Since the introduction of Microsoft® Office XP, it is possible to create spreadsheets using SpreadsheetML, an XML dialect developed by Microsoft to represent the information in an Excel spreadsheet. This kind of document is referred to as an XML spreadsheet. Because XML spreadsheets are text documents, they can be sent wherever a text document can, using any text-based messaging system (for example, e-mail, Web services, and Web-based applications). In addition, an XML spreadsheet can be processed by any XML processor, making XML spreadsheets true cross-platform documents. An XML spreadsheet can be created with any text-editing tool.
This document covers most of the SpreadsheetML dialect. The document begins with a quick tour through the simplest possible XML spreadsheet, touching on each of the components necessary to build a functioning spreadsheet. In subsequent sections, these components are defined in more detail. You also see how to work with other features of Excel workbooks, such as PivotTables and XML document mapping. Almost everything in the SpreadsheetML dialect is an add-on to the base XML spreadsheet, so you can incorporate into an XML spreadsheet only those features that you want.
Keep in mind that the order in which the elements are discussed here is not necessarily the order that the elements must have in a spreadsheet for that spreadsheet to be a valid XML document.
A single XML spreadsheet can, in fact, contain multiple spreadsheets. In Microsoft® Office Excel, the file that is created when you save your work is referred to as a workbook, which can contain one or more worksheets. This terminology is reflected in SpreadsheetML. The root element for an XML spreadsheet is the Workbook element. A Workbook element, in turn, can contain multiple Worksheet elements.
The simplest possible workbook that can be opened by Excel looks like this:
<?xml version="1.0"?> <?mso-application progid="Excel.Sheet"?> <Workbook xmlns="urn:schemas-microsoft-com:office:spreadsheet" xmlns:ss="urn:schemas-microsoft-com:office:spreadsheet"> <Worksheet ss:Name="Sheet1"> </Worksheet> </Workbook>
The XML declaration in the first line of the foregoing example is normally optional in an XML document. If you omit it, however, Excel does not display the spreadsheets in the workbook correctly (see Figure 1).
Figure 1. An Excel workbook without the XML declaration
The mso-application processing instruction in the example directs Microsoft Windows® to open the file in Excel when the user double clicks it, even if the file is saved with the .xml file name extension (for example, "MySpreadsheet.xml"). You can also save the file with the standard Excel file name extension (.xls). If you save an XML file with the .xls file name extension, you can omit the mso-application processing instruction, if you want, because in Windows the file is associated with Excel based on the file name extension.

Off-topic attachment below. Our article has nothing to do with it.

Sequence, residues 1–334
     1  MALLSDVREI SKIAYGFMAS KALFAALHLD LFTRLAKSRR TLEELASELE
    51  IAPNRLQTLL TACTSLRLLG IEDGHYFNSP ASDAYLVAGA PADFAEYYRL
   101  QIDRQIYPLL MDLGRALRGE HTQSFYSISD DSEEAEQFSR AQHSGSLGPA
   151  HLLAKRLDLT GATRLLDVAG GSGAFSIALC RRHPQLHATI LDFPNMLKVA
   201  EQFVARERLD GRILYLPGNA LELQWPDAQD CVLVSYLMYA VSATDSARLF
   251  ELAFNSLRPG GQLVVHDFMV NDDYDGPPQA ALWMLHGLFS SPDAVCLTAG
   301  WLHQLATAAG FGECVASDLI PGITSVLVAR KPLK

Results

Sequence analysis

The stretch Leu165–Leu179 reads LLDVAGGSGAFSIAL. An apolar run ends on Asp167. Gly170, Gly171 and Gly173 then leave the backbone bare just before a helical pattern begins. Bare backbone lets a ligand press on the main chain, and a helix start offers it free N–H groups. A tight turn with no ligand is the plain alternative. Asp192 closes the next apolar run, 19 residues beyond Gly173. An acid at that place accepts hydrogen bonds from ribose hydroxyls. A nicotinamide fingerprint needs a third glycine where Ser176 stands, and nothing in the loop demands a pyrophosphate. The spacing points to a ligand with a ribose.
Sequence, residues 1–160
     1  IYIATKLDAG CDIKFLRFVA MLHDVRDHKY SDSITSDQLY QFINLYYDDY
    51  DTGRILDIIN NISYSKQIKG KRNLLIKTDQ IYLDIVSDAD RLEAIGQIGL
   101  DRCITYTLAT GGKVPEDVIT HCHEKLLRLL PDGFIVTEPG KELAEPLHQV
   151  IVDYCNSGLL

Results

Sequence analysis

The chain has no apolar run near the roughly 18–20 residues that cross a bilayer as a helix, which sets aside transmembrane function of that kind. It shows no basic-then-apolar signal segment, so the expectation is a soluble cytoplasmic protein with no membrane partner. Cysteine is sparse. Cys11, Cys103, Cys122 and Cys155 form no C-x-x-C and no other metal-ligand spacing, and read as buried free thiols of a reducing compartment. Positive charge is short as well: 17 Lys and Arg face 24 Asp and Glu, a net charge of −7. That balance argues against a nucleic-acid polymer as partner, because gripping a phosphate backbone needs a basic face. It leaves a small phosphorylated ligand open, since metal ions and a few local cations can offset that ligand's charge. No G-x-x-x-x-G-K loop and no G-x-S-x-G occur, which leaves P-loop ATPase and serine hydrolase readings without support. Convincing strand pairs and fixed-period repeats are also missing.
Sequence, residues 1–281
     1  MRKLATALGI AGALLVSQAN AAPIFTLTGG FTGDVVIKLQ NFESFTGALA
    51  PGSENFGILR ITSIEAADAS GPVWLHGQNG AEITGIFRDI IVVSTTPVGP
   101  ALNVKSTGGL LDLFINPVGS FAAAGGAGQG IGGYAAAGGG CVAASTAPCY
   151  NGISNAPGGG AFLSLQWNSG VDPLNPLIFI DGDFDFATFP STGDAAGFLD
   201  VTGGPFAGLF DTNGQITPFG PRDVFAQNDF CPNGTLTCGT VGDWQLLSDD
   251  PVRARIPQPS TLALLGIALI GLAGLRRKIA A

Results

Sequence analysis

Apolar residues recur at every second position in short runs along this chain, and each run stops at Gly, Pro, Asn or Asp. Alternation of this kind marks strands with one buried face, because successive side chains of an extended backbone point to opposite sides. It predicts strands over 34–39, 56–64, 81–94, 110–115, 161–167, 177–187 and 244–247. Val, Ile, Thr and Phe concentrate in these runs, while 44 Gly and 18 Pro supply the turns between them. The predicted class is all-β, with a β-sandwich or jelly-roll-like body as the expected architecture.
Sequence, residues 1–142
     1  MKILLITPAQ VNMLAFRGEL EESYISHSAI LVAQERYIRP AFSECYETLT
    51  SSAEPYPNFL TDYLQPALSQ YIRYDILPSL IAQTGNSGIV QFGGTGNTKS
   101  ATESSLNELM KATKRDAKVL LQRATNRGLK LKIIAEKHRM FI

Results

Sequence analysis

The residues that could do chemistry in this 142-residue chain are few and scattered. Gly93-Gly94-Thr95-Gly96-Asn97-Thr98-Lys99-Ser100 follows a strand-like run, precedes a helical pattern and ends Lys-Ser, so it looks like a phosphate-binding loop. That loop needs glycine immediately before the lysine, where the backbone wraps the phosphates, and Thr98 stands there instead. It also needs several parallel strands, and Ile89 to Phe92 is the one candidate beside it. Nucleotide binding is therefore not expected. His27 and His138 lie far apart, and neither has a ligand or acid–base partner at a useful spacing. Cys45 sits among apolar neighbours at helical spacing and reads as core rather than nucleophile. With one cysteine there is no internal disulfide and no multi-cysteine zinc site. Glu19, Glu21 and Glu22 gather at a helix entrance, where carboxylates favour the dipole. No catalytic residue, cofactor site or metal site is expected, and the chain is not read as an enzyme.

When you save a document, Excel retains the format the document had when it is saved, regardless of the file name extension.
The Workbook element is the root element for the XML spreadsheet. Each Worksheet element within the Workbook element defines a worksheet that is displayed in Excel.
In order to understand the format of an XML spreadsheet, you must understand the namespaces used by the XML spreadsheet. To begin with, the SpreadsheetML elements that make up the Excel XML dialect are divided into three groups of elements:
Everything else in Microsoft Excel 2002, including data analysis tools (for example, PivotTable® views)
In addition, Excel spreadsheets can include HTML tags, SOAP tags, and tags from other XML dialects. To keep tags from different dialects separate, namespaces are used in XML.
A namespace is an arbitrary string of characters that is associated with a set of tags. Excel can distinguish among tags with the same name in XML spreadsheets because these tags are qualified by specific namespaces. Namespace qualification allows the Excel XML designers to use, for example, an Excel XML element called Table that does not conflict with the <table> tag in HTML. The SpreadsheetML Table element is associated with one of the Excel namespaces, and the HTML <table> tag is associated with the HTML namespace. Applications like Excel, therefore, that are designed to process XML documents can distinguish the two tags from each other, and process them according to different rules.
In the following sample, two namespaces are defined for the Workbook element (one is defined twice):
<Workbook xmlns:x="urn:schemas-microsoft-com:office:excel" xmlns="urn:schemas-microsoft-com:office:spreadsheet" xmlns:ss="urn:schemas-microsoft-com:office:spreadsheet">
The last two lines include ":spreadsheet" in the namespace definition. This is the SpreadsheetML namespace that qualifies tags associated with defining spreadsheet functionality. (This namespace is referred to as the spreadsheet namespace in this document.) The last line associates the spreadsheet namespace with the prefix "ss:". Any element with the "ss" prefix is associated with the spreadsheet namespace. In the previous line, the spreadsheet namespace is not associated with any particular prefix. Because the second line doesn't include a prefix, the spreadsheet namespace is the default namespace for the Workbook element and any of its child elements. In other words, any tag in the document that has no prefix is associated by default with the spreadsheet namespace.
For example, in the following sample, the Name attribute includes the "ss" prefix, so the Name attribute is considered part of the spreadsheet namespace. The Workbook and Worksheet elements, on the other hand, don't include the prefix, but they are nevertheless associated with the spreadsheet namespace because that namespace is defined for xmlns here without a prefix qualification: